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(3/15) A Walk in Wellesley College with Olympus E-P3 and Holga (II) lens | by soelin
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(3/15) A Walk in Wellesley College with Olympus E-P3 and Holga (II) lens

Occasionally, I shoot with a medium format Holga camera. I really like the results, especially shooting on Velvia film.

 

Since I no longer work in Cambridge, it's more of a bother to shoot medium format films since I can't find any photo shop in Wellesley that would develop them. So, I decided to get a Holga lens for the PEN E-P3 (and also for my Canon 5D Mk2) with the macro and close up kits. When I learned that Holga had improved the "holga look" in their new (series II) lens, I decided to give it a try; I've seen the pictures taken with the FIRST version, and I thought the results look like they were shot with early, 3-megapixel point and shoot cameras—I was disappointed to see the results.

 

The good news is that I think this SECOND version lens performs quite similar to what I am used to—although, it can never match the Holga magic you get from medium format.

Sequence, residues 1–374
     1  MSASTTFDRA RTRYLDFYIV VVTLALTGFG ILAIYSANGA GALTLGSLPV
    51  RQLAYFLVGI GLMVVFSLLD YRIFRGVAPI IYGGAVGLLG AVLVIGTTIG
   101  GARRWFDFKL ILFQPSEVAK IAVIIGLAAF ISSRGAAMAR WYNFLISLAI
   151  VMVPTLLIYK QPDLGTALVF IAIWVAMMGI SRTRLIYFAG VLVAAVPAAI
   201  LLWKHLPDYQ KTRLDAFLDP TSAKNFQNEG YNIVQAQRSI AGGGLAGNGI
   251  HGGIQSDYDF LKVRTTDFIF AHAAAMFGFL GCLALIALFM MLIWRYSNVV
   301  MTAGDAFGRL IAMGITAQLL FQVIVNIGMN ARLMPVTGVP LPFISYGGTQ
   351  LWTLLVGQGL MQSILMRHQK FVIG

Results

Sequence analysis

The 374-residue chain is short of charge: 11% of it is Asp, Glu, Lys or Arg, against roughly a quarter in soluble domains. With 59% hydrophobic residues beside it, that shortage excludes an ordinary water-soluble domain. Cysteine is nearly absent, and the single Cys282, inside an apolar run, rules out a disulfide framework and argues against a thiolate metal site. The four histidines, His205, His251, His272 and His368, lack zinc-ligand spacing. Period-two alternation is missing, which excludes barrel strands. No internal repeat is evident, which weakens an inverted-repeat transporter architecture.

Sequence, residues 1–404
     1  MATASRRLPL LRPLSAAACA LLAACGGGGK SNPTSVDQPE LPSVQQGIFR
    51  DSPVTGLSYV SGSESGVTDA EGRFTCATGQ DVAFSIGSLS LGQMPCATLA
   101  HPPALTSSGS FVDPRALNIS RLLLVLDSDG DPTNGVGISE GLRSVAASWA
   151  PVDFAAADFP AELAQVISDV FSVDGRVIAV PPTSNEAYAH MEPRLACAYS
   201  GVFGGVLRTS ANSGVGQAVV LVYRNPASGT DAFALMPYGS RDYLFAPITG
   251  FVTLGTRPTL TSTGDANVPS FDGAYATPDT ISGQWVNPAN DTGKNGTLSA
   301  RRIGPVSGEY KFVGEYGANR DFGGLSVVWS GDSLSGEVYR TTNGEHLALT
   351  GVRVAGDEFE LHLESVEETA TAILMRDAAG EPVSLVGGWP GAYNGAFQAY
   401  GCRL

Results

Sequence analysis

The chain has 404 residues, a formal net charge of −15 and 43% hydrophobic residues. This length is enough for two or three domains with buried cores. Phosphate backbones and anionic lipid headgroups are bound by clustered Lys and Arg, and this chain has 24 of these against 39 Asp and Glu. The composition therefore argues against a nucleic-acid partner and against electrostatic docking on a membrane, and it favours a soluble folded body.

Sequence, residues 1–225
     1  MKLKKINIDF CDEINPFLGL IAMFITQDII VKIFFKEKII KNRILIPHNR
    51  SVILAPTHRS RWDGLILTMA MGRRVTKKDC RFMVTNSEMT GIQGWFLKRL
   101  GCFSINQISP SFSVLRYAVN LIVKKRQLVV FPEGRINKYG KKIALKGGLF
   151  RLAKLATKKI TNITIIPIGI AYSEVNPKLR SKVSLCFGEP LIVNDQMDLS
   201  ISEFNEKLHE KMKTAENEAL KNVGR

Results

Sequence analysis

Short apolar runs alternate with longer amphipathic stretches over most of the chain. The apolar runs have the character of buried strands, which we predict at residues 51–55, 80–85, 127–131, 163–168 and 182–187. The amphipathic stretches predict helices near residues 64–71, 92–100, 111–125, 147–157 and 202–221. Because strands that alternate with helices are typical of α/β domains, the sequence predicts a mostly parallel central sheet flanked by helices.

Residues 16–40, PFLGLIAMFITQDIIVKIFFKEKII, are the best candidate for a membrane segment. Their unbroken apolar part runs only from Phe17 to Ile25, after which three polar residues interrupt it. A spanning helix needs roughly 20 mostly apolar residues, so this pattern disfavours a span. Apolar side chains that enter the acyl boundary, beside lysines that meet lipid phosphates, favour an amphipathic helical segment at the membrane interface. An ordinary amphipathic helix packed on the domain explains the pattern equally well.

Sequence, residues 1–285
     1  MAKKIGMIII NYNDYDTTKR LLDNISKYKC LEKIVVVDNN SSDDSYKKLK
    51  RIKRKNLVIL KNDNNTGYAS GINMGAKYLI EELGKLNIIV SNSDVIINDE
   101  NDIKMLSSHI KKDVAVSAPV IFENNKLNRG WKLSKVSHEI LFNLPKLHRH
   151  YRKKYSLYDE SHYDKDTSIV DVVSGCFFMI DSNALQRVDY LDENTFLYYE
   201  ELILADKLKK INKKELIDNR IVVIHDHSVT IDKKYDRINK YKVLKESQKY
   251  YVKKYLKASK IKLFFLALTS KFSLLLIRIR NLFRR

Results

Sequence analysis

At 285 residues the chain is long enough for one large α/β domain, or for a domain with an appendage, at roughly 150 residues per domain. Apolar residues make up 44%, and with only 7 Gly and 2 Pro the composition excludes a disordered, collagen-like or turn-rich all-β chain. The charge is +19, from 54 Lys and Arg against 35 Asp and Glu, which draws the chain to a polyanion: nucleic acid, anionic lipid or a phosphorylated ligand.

This set (includes 15 photos) is a sample of what the new Holga lens (and in some cases, using one close-up snap on adapter) can do on a micro four thirds camera like the E-P3.

 

Overall, I like the results—soft, heavy vignette and crazy flares, just like what I am used to with the real Holga. You can only focus with the lens and cannot change the aperture. With the regular lens, focus distance begins (a few feet?) to infinity. I have to hold the camera steady, or else, even in bright light, chances are it'd be hard to nail focus. Put on a close-up lens, focusing gets even harder, but not impossible to do. I think the colors still don't look that convincing straight out of camera. I would tweak (add warmth) or turn them into black and white.

 

I need to shoot more with it—it's actually quite fun—especially using different close up lenses and macro lens.

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Taken on September 13, 2011